Whenever a high-profile foreign player signs with a U.S.-based club, inevitably you hear stories of how the performer in question has some kind of affinity for his new country. Perhaps he vacationed here, or paid the U.S. a visit for an exhibition or international friendly earlier in his career.
That isn't the case for former Spanish international Marcos Senna. In fact, prior to joining up with his new club, the New York Cosmos, for training this week, the Brazilian-born midfielder said he had never set foot in the United States.
"It’s exactly what I imagined," he said through an interpreter shortly after his first practice with the fledgling North American Soccer League club. "The organization, the reception I have received has been marvelous. My impression of training was very good . . .I was able to enjoy the training today, and I’m sure I’m going to keep enjoying it."
It amounts to a moderate leap of faith for a player who helped Spain win the Euro 2008 title. Senna turns 37 next week, and at this point in his career, it’s not as if his career will be ruined if things don't work out.
But it's never easy to uproot oneself and head to a new country, especially when you’re a player like Senna, who spent over a decade at Spanish side Villarreal and no doubt could have landed with another European club.
He’s also joining a reconstituted version of the Cosmos, who 28 years after playing their last competitive match in the Major Indoor Soccer League, will begin play in the second-tier NASL on Aug. 3.
So why walk away from a club where he was widely regarded as a legend so he can play in what amounts to the U.S. second division?
“I believe that a cycle had ended at Villarreal, and the Cosmos had believed in me, so I decided to be a part of this new project,” he said by telephone.
It speaks to the ambition of the Cosmos as well as to the persuasive powers of coach Giovanni Savarese that Senna decided to head stateside. Savarese said that the club first made contact with Senna at the end of last year, when he delivered his sales pitch to the player.
"Senna was very interested in coming to the U.S., the name of the Cosmos represented a lot for him,” Savarese said in a telephone interview. “He was very aware of the history of the club and he wanted to be a part of it, and that’s why he made the decision to come here. He wanted to be part of this project, it got him excited."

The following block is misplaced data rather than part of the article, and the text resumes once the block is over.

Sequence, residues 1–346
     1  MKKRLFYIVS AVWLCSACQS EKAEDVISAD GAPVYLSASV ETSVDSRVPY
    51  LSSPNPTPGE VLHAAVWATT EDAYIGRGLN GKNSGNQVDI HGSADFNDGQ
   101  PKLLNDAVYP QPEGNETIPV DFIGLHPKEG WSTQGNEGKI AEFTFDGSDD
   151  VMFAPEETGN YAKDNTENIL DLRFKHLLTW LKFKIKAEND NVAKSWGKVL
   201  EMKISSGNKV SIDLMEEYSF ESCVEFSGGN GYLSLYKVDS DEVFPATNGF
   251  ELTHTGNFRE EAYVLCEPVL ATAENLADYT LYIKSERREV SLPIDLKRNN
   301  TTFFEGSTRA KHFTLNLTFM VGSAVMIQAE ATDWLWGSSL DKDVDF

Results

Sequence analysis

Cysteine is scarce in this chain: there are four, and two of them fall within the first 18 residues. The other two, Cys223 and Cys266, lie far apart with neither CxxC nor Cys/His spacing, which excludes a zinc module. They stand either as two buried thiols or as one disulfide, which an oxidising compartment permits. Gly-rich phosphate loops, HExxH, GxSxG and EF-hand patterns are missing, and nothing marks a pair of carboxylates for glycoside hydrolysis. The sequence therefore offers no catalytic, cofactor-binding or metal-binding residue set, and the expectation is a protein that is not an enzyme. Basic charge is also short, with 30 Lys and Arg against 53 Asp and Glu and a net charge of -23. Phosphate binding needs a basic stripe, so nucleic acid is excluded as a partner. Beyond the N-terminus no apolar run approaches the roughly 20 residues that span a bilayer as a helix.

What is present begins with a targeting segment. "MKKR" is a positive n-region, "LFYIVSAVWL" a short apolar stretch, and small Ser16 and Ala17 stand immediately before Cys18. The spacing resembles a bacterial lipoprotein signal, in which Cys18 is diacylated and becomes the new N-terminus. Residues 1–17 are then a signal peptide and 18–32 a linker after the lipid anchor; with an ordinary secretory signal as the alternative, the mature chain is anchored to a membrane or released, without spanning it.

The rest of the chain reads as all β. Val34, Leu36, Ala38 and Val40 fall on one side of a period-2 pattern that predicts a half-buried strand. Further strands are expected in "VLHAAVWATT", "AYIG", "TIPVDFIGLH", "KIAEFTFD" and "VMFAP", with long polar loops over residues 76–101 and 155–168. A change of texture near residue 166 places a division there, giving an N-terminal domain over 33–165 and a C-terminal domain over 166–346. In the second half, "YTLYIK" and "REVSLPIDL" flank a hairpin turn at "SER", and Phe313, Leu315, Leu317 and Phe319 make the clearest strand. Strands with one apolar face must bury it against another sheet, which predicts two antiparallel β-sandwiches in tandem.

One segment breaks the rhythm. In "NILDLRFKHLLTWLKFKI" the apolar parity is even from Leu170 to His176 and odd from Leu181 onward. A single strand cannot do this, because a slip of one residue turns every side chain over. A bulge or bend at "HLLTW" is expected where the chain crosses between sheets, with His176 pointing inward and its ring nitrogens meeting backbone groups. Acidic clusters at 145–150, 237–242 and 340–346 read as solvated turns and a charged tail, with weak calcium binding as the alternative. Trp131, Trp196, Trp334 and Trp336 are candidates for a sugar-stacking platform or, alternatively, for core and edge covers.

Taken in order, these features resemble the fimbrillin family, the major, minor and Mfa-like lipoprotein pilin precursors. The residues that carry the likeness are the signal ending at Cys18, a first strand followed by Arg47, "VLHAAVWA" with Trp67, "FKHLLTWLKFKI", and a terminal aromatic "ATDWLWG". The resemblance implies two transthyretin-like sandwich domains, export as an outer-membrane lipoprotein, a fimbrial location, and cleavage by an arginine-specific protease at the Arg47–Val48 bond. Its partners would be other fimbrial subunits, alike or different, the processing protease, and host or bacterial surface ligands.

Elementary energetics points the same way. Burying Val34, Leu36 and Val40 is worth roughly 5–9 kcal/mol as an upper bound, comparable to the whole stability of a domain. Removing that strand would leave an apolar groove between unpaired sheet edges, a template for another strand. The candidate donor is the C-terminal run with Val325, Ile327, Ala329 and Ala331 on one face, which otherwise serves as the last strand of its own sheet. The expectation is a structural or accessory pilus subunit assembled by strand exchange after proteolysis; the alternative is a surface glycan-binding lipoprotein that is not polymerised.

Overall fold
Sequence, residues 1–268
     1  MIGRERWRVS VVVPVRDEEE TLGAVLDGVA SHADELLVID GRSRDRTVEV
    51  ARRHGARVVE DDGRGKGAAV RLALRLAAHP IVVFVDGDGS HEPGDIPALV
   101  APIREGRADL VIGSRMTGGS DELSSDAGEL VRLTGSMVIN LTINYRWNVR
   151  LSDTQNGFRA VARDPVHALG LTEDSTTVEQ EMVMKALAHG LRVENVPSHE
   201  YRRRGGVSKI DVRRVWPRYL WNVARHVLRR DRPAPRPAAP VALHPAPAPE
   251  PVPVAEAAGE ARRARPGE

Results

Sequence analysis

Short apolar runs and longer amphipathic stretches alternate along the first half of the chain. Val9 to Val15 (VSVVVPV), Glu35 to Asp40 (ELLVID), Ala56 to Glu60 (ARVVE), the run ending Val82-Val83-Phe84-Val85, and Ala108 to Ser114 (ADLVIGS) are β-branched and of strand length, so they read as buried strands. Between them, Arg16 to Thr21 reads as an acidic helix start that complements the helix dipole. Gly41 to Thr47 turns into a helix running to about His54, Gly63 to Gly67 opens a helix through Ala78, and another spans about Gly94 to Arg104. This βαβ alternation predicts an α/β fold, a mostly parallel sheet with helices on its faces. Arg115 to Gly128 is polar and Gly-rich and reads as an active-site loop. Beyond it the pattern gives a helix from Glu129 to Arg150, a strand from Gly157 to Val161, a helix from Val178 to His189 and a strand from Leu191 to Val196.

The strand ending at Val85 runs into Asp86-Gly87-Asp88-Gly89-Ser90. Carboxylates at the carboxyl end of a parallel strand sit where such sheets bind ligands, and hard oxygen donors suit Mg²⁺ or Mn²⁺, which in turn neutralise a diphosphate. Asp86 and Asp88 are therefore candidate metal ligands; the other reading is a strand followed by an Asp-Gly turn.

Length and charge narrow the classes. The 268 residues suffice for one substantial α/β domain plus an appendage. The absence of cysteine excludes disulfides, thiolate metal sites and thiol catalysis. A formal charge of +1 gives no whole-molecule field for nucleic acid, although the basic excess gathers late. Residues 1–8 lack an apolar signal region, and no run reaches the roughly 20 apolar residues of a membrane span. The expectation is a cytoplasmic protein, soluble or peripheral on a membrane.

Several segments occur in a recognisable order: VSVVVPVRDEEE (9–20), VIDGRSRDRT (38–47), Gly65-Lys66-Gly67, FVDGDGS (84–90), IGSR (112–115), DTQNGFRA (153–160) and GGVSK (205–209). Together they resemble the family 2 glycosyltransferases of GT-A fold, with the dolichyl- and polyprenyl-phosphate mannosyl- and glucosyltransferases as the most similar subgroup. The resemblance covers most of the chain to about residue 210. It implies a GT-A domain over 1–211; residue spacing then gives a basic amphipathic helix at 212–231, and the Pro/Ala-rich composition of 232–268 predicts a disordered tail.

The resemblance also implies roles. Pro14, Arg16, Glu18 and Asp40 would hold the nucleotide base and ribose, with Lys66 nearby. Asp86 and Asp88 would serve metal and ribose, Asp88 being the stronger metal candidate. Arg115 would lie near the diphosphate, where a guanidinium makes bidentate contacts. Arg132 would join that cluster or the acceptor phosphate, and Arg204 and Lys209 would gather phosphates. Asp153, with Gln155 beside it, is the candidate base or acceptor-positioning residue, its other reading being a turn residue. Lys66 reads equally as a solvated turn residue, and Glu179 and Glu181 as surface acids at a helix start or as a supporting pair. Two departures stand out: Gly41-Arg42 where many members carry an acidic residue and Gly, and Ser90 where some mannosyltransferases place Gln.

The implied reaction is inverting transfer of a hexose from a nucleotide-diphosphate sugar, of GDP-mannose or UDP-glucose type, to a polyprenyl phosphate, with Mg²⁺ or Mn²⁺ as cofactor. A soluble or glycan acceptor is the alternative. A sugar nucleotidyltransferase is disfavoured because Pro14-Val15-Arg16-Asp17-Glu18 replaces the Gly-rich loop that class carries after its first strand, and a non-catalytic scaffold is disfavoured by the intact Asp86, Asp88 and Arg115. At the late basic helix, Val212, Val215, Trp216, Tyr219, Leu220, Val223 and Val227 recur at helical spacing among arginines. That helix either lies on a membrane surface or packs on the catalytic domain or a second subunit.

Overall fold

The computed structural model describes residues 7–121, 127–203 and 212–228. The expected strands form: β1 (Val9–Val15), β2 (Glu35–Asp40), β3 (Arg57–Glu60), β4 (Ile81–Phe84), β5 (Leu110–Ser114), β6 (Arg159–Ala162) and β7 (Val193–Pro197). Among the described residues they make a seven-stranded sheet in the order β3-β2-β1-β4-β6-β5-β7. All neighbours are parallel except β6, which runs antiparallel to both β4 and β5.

Savarese also had the help of New Jersey-born Italy international Giuseppe Rossi, who played with Senna at Villarreal.
“Rossi was able to explain even more what we are, who we are, and what we were trying to do,” he said. “The help came from different areas, and in the end, Senna was convinced to come here, and he’s very happy with his decision.”
So are Savarese and the rest of the Cosmos’ front office, who now have a holding midfielder with UEFA Champions League experience on their roster. Senna does have a history of knee trouble, and given the Cosmos will play on the artificial surface at Hofstra University, there is concern over how he'll hold up physically.
But Senna did log 36 games last year in leading Villarreal to promotion out of the Spanish Segunda Division and back into La Liga, and stated that he was "in perfect condition."
Savarese insisted he has no concerns. Instead, he's focusing on translating Senna's experience to his squad. Senna, for his part, is eager to take on the role of teacher.
"The most basic thing I have is football, and the experience of having played in competitions at the highest level,” he said. "I hope to share the best things that I’ve lived so far for the younger players to have a wonderful evolution and win championships."